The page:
Creamy Chicken Risotto is an excellent way to use up chicken left over from a roast. It’s so good that it’s worth cooking an extra large chicken so that there is enough for a good size risotto.
Risotto is the perfect comfort food for cold, dark days when you need a warming supper to nourish you. It isn’t a difficult dish to make, the only downside is that you have to be there all the time, as it needs stirring fairly frequently. Not a problem if you have something else you’re doing in the kitchen. My something else is listening to a podcast with a cup or glass of something nice. It’s lovely to have some time on my own being ‘busy’ but not too busy!
So risotto isn’t difficult, but the ingredients can make a difference to the flavour:
Roast chicken is the best bet here. The flavour and texture are ideal for risotto, where you’re heating the meat in liquid. I like to tear rather than cut it into large-ish pieces, as you will have some that are smaller when you take the meat off the bird.
After Christmas, if you’ve been the cook, you can use turkey instead of chicken. I usually freeze a lot of the extra as the last thing I want in January is more turkey, but later in the year, it’s a very helpful thing to find in your freezer.
In a risotto the stock is a big part of the flavour, so make your own if you can – and if you had roast chicken, you’ve got the carcass (see how to make Slow Cooker Stock). Otherwise, buy some. At a push, you can use a stock cube or I have used Marigold bouillon powder, which is a vegetable stock. These are fine, but a good chicken stock will give the best flavour.
It isn’t strictly necessary to add anything creamy to a risotto, but this addition turns it into such a soothing meal that I never omit it or something similar. Greek yoghurt or soured cream is fine. Or some double cream. Use up whatever you have, rather than buying crème fraîche especially (although I often do).
This recipe uses frozen peas for colour and laziness – no need for more veg! You could use mushrooms, which are best cut fairly small and fried with the onions. You could actually put in any number of vegetables. If they need cooking, add them with the stock. If they only need heating through, add them when the peas go in.
Cheese adds some extra taste and texture, Cheddar will work – or you could leave it out altogether.
Garam masala is spicy without being hot, but curry powder is equally good. It adds some more flavour, as chicken and rice and crème fraîche could be a bit bland. You can’t tell it’s in there, but you might need something else if it isn’t.
How much salt to put in your Creamy Chicken Risotto is a good question. If you made your stock, there will be a lot less salt than in if you bought it or used a cube. I do put a teaspoonful of salt in with the rice, as I know my stock has none in. Then I add more (gradually) at the end until it tastes right. To a large extent, it’s personal taste, but if you’re not sure add a tiny bit more.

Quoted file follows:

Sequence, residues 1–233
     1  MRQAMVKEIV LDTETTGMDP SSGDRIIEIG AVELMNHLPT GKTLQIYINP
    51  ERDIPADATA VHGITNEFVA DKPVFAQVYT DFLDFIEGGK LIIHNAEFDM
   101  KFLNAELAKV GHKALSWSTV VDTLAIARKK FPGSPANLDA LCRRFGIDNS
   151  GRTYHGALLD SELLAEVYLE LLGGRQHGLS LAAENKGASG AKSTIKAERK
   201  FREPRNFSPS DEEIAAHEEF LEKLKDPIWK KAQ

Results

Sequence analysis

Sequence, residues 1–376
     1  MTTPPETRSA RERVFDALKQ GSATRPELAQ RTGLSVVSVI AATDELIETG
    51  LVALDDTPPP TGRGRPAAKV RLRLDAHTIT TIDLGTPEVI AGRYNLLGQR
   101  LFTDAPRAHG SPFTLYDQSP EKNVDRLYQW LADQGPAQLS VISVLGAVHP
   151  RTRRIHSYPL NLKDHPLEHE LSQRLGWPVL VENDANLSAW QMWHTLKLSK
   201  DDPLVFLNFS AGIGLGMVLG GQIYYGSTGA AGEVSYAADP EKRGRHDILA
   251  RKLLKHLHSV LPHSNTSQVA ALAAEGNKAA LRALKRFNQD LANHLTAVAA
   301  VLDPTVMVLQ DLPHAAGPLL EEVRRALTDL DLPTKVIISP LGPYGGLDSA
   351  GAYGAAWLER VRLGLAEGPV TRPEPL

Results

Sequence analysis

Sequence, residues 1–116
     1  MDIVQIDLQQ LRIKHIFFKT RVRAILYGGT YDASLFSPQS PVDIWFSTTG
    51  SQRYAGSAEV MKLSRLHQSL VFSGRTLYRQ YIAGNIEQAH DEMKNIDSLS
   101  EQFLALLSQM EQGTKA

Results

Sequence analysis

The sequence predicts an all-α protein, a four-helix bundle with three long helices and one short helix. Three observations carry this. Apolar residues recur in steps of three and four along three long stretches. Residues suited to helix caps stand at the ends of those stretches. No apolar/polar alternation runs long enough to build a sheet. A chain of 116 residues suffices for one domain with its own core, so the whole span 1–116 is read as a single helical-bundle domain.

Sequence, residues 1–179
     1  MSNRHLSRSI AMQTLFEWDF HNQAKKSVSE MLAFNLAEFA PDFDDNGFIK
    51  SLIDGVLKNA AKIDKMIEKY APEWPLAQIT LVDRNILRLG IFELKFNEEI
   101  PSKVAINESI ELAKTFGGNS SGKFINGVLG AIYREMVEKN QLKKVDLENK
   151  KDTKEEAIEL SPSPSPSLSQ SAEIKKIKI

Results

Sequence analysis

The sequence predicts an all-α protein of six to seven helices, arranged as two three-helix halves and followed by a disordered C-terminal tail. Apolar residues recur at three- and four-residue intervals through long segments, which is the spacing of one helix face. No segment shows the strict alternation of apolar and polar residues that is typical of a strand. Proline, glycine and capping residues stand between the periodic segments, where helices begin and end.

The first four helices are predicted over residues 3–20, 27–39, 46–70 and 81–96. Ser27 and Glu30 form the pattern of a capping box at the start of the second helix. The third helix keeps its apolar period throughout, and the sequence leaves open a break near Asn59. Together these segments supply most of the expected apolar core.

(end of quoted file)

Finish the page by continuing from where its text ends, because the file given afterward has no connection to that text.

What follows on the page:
- 5 bladed herb cutting scissors – Useful for cutting the parsley – or any other herbs you want to use. Most importantly, they don’t cut your fingers.
If you like this…
…Why don’t you try:
Creamy Chicken Risotto
- 300 g cooked chicken
- 1 medium onion approx 170g
- 750 ml stock
- 40 g butter
- 200 g arborio rice, or risotto rice
- 2 teaspoons garam masala, or curry powder (10ml)
- 100 ml white wine or vermouth
- 200 g frozen peas
- 100 g crème fraîche
- 60 g Parmesan or similar cheese
- Salt and pepper
- Fresh parsley to garnish
- Tear the chicken into pieces – bigger than bite-size. You want to have to cut it once or twice when you eat it
- Chop the onions into small pieces
- Grate the cheese
- Put the stock on to heat (until just below boiling)
For the Chicken Risotto:
- Separately, heat the butter in a heavy shallow pan over a MEDIUM heat
- Cook the onions uncovered until soft, without allowing them to colour – for about 10 minutes. Stir often to prevent them from sticking and browning, adjust the heat if necessaryThey are done when they are transparent
- Pour in the rice and garam masala or curry powder and stir through the buttered onions
- Add 50ml wine and cook for about 30 seconds, stirring. Add the hot stock and bring to the boil
- Turn the heat to MEDIUM-LOW and simmer for 10 minutes, uncovered, stirring frequently
- Turn up the heat as you stir in the rest of the wine, the chicken and the frozen peas
- When the risotto begins to bubble, turn it down to MEDIUM-LOW for a further 5-10 minutes, uncovered, stirring frequentlyThe risotto is ready when the chicken and peas are heated through and the rice is tender with a bit of a bite
- Stir the grated cheese through to melt it
- Add salt to taste – how much depends on how salty your stock is. Add pepper to taste. Stir the crème fraîche through
- Turn off the heat, put a lid on the pan, and leave for 5 minutes
- Garnish with chopped parsley if desired.
Everyday Cooks Tips:Ingredients:
- Chicken – Roast is best. Substitute turkey after Christmas
- Onions – Use frozen to speed up the dish. (See here to make your own). Use 140g chopped frozen onions
- Stock – Easy to make your own in the Slow Cooker (and you do have a chicken carcass to hand). If not, buy supermarket stock from the cold shelf. Third option is a cube or Marigold Bouillon
- Peas – Use any frozen vegetable that you like (or have)
- Cheese – You could use Cheddar, or leave it out altogether
- Crème fraîche – You can use Greek yoghurt or cream if that’s what you have.